Israeli B-movie producer Menahem Golan died last Friday, August 8, and his obituaries double as tributes to a bygone era. Golan and his cousin and producing partner Yoram Globus defined a certain subset of 80s film when they headed Cannon films, churning out cheap, often terrible yet wildly entertaining movies sold on sex, violence, trends and stars in grungier movies than usual.
They were the group behind some of the best bad Sylvester Stallone movies of the 80s (“Cobra,” the Golan-directed arm-wrestling movie “Over the Top”), as well as films starring Chuck Norris (“The Delta Force”) and Charles Bronson (the “Death Wish” sequels, particularly the gloriously unhinged third film). They’re responsible for both the breakdancing sequel “Breakin'” and its sequel “Breakin’ 2: Electric Boogaloo,” the subtitle of which remains endlessly reusable for bad sequel jokes.
They also funded some actually damn-good movies like the criminally underseen Mickey Rourke/Charles Bukowski film “Barfly,” John Cassavetes’s “Love Streams,” and, perhaps most unexpectedly, Jean-Luc Godard’s “King Lear.” They even managed US distribution of Neil Jordan’s breakthrough “The Company of Wolves” and “Little Dorrit.”
But more than anything else, Golan should be remembered for the films that weren’t just bad, but charming in their chintziness, their brevity (as opposed to modern elephantine action duds), and flat-out weirdness. Every fan of bad 80s movies has a favorite Golan-Globus film – mine’s the Golan-directed sci-fi disco musical “The Apple” (on Netflix Instant), the bizarreness of which suggests that “The Last Waltz” might not have been the most cocaine-fueled set in movie history. He might have made only a handful of good-good movies, but his legacy of shamelessly entertaining good-bad movies is undeniable.
More thoughts from the web:
Phil Dyess-Nugent, The A.V. Club
Golan-Globus made a specialty of “pre-selling” their films, based on their promised “exploitable elements,” to cable TV and home video companies and film distributors, well before even making the movies. Budgets were kept so low that most of the films scarcely had to perform at the box office to make a profit. In a 1983 Film Comment article that hailed Golan and Globus as “New Hollywood’s kings of the cheapies,” Roger Corman, for whom Golan had once worked as an assistant, called him “a master of the pre-sell on the international market.” Read more.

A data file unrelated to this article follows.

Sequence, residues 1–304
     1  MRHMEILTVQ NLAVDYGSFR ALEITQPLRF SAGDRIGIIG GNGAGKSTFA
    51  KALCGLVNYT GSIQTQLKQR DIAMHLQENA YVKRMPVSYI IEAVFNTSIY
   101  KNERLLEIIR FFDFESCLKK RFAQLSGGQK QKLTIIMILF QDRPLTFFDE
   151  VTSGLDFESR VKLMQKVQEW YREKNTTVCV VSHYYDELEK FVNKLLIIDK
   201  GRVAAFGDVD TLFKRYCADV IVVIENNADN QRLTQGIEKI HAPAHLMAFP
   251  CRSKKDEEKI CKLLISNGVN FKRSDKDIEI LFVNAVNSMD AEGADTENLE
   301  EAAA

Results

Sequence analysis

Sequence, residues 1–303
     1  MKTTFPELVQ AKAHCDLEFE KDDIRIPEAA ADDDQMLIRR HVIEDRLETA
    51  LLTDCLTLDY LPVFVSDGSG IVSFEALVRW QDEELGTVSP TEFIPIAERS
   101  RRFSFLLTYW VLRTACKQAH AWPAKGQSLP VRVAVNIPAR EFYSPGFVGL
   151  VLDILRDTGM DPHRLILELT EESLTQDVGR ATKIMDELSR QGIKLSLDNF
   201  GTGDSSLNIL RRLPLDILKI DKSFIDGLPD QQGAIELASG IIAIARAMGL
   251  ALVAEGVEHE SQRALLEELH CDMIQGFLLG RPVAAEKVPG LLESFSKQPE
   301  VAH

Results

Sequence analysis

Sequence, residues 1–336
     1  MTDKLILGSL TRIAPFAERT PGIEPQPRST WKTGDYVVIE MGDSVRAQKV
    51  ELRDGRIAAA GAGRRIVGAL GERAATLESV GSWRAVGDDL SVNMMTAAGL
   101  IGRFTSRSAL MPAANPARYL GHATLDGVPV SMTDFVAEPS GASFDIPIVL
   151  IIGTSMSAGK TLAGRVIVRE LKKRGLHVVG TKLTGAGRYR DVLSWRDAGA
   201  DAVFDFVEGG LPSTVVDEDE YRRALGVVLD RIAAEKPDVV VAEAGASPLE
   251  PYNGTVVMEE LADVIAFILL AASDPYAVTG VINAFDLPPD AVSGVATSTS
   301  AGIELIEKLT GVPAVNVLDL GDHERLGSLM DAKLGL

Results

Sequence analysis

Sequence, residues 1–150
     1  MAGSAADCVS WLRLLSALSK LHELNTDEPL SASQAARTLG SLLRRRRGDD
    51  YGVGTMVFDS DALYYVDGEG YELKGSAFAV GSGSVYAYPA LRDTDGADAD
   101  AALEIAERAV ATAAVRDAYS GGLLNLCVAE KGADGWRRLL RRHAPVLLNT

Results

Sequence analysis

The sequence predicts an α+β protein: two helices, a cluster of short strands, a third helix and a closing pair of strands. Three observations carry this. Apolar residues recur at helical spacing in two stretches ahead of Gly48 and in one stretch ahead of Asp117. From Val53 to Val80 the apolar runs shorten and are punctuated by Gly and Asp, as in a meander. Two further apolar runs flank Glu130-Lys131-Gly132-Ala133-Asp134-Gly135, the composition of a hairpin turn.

Andrew Pulver, The Guardian
Cannon became synonymous with its cheap-but-brash style, leading to the pair being dubbed “the Go-Go boys”. Cannon was naturally drawn to the B-movie action movie which was then a profitable and popular genre: Golan and Globus made “The Delta Force,” “Missing in Action,” “Invasion USA” and “Exterminator 2.” (Sequels were also natural Cannon territory: they put out a string of notoriously shoddy follow-ups to Michael Winner’s successful “Death Wish.}) They were also early-adopters of the comic-book and toy adaptation, releasing a “Captain America” movie as well as a film version of the “Masters of the Universe” toys. But their 1987 film “Superman IV: The Quest for Peace” proved a failure. Read more.
Nathan Rabin, The Dissolve
When it came to deranged B-movies and genre fare, Cannon owned the 1980s. It was Golan’s decade—big, brash, tacky, and, to borrow the title of a 1987 film Golan himself directed, over the top—so it’s weirdly perfect that his reign as the head of Cannon lasted almost the entire decade, from 1979 to 1989. It was a sign of Cannon’s growing, though shaky, power in the latter half of that decade (shortly before its stock plummeted, resulting in a buy-out from Pathe Communications) that Golan could attract no less than Sylvester Stallone to star in the arm-wrestling movie “Over The Top”, which was at heart a “Rocky” rip-off. Read more.
If Golan had done nothing but produce exploitation films, he would have earned his place in the cinematic pantheon in the eyes of many film fans, but what made him truly unique was the way that he was equally determined to produce and distribute films that would play in arthouses as well as grindhouses. At the same time that he was grinding out one film after another with Charles Bronson or Chuck Norris, he was producing films for John Cassavetes (“Love Streams”), Andrei Konchalovsky (“Maria’s Lovers” and “Runaway Train”), Robert Altman (“Fool For Love”) and Franco Zeffirelli (“Otello”). Read more.